Drama faculty member composes music for Venice Biennale exhibition
As an artist, being an integral part of an official exhibition at the 58th International Venice Biennale has been an incredible opportunity for Greg Walter. As a faculty member in the UNCSA School of Drama, it has also been a chance for him to share that opportunity with fellow faculty members, students and alumni.
The Venice Biennale is a celebration of contemporary art that takes place every other year in the Italian city and showcases innovative and cutting-edge work by visual artists from around the globe. Walter composed music to accompany “Processional,” a series of abstract paintings by his longtime friend and Los Angeles-based artist Todd Williamson, and one of just 23 official exhibitions at the event.
Compilation of Williamson's artwork in the church of Santa Maria della Pieta and Walter playing at the opening of "Processional."
Listen to the full audio for "Processional" here.
The idea of combining an art exhibition with a musical composition, Walter says, started as a conversation between old friends. Walter and Williamson, college roommates and best friends from their days at Belmont University, were traveling on a train from Zurich to Venice in 2008 when the concept for a combined exhibition first came about.
“While the viewer sees the completed artwork,” Walter says, “the music provides the aural development and exhibition of all the voices that come together to complete the artist's final creation and idea.”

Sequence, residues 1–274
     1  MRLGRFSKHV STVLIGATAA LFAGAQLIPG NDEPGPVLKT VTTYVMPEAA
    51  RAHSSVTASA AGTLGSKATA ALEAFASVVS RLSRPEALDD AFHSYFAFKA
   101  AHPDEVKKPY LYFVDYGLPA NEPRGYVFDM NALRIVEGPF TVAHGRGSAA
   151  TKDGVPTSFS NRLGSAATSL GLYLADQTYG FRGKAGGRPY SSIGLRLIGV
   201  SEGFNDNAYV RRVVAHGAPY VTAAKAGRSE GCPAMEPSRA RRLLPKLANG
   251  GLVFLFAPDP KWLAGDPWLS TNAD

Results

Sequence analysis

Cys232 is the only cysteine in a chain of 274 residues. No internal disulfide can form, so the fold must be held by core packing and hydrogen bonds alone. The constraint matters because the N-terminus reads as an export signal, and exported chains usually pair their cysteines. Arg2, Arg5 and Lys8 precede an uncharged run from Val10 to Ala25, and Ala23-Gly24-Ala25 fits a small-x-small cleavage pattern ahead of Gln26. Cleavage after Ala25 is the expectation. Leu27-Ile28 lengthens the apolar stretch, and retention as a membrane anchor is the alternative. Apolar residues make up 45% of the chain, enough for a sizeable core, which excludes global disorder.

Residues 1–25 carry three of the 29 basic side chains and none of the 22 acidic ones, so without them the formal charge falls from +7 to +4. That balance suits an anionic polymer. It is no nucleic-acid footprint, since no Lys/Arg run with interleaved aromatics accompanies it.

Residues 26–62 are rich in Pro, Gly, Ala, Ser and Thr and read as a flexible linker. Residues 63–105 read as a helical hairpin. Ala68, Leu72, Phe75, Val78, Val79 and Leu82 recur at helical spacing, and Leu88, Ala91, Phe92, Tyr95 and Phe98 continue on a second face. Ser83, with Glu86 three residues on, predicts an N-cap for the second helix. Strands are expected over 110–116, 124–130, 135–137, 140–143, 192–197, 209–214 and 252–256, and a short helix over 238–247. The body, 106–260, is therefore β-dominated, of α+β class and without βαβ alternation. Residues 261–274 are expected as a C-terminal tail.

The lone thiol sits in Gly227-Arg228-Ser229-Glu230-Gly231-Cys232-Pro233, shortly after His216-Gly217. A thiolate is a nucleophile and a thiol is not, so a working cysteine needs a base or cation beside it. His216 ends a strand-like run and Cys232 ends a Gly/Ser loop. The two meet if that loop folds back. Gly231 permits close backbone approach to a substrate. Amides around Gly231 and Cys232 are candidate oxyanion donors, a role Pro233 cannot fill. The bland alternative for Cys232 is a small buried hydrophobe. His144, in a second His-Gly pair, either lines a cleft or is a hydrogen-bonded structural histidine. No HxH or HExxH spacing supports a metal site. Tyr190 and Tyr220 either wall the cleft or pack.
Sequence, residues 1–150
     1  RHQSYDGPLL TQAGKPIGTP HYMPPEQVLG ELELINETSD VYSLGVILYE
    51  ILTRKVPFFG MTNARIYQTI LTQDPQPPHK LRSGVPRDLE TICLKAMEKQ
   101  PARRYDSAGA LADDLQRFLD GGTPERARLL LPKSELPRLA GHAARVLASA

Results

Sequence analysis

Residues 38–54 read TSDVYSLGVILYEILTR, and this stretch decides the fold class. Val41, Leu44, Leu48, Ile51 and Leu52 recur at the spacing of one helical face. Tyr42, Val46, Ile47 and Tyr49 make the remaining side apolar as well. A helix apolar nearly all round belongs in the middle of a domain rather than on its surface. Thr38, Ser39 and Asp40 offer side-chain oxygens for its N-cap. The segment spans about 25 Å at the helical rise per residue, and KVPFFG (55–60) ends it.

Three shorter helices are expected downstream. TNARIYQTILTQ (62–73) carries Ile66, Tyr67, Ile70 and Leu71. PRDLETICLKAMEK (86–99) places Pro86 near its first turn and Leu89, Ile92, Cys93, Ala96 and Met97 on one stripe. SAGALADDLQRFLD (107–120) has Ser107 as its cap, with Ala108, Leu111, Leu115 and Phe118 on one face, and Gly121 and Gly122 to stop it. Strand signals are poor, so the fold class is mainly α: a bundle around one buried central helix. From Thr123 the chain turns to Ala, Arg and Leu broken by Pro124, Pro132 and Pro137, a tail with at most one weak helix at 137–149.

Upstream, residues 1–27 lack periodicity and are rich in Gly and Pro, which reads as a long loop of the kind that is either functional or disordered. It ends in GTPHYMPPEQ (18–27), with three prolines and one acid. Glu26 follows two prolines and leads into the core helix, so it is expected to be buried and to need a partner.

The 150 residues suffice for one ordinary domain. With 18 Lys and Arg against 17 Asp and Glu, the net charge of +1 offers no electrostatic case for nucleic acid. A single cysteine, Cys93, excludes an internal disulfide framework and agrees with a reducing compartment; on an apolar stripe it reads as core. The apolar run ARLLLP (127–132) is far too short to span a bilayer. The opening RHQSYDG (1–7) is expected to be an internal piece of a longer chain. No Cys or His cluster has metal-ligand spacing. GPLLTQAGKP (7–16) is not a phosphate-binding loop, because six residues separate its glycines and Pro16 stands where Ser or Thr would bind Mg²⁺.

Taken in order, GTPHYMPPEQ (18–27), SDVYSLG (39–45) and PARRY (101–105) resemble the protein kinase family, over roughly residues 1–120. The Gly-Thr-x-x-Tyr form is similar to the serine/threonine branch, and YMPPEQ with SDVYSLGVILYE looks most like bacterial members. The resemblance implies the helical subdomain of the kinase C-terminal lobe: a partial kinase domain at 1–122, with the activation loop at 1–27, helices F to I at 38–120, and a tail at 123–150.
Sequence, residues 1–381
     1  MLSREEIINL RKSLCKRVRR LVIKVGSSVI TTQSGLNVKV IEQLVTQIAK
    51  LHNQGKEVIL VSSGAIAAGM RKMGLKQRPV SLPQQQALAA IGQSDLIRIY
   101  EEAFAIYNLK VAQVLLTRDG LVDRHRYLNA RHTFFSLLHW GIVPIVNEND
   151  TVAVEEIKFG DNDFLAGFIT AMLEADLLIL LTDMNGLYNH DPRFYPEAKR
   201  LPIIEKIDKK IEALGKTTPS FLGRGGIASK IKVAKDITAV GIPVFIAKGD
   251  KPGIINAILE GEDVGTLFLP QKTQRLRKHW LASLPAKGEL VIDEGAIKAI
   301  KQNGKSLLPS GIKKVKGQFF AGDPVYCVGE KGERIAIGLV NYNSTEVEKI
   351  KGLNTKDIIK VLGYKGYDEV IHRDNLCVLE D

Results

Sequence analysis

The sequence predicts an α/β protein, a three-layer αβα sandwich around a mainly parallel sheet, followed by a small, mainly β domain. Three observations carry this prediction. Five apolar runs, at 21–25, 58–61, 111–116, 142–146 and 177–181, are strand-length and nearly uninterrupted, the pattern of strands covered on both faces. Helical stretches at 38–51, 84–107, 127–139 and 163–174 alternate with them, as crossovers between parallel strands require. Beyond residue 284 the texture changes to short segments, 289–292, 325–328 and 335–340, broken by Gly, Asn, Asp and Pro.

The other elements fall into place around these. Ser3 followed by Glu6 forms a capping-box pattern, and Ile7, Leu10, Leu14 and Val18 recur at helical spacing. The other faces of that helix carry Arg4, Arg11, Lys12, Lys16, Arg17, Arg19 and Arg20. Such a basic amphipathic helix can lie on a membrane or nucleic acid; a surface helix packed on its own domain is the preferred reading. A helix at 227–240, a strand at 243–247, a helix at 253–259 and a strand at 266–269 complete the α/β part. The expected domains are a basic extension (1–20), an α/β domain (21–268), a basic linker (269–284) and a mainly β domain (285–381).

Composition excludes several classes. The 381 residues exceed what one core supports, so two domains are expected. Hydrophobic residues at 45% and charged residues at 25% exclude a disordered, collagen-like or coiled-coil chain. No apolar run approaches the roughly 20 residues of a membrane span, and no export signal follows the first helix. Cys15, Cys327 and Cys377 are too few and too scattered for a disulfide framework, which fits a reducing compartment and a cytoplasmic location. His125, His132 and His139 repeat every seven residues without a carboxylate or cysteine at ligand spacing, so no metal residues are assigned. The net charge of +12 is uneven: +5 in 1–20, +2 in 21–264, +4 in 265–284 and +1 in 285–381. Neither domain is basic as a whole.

Walter and Williamson were able to realize this concept twice before the Biennale composition, first in Nashville, Tenn., in 2009, with “I Reach with Outstretched Arms.” Their second collaboration, “Surveillance: Polyphony of a Landscape” occurred in Naples, Italy in 2015. The composition is titled “I Must Dream.”
When Williamson received funding last year to make his dream for the Biennale into a reality—the exhibition was sponsored by the Pollock Krasner Foundation and presented by the MAK Center for Art and Architecture— he immediately called Walter to compose the music for their third collaborative composition.
The two collaborated entirely by phone for the first few months of 2019, as Walter composed the piece, bouncing ideas off of each other. Once the music was finalized, it was recorded in what Walter calls a “total UNCSA production.”
The recording, featuring students and faculty from the School of Music, took place at Ovation Sound studio in Winston-Salem.
It features Vice Provost & Dean of Academic Affairs Karen Beres as the pianist and her husband and retired University of Oklahoma professor Lance Drege as the percussionist, plus students from the School of Music, including: Marta Djorovic and Julian Smart on violin, Luca Kevorkian on viola, Adithya Muralidharan on cello, Andres Maldonado on clarinet, Ryan Roikola on bassoon and Brittany Thomas on French horn.
School of Music alumnus Bill Stevens was recording engineer and producer, School of Drama staff member Damon Carmona was responsible for music editing and School of Filmmaking alumnus Shamus Sass filmed the session.
The 10-minute audio recording, Walter says, is being played on a loop at the exhibition for the entire seven months of the Biennale. The Biennale typically has an attendance of at least half a million visitors.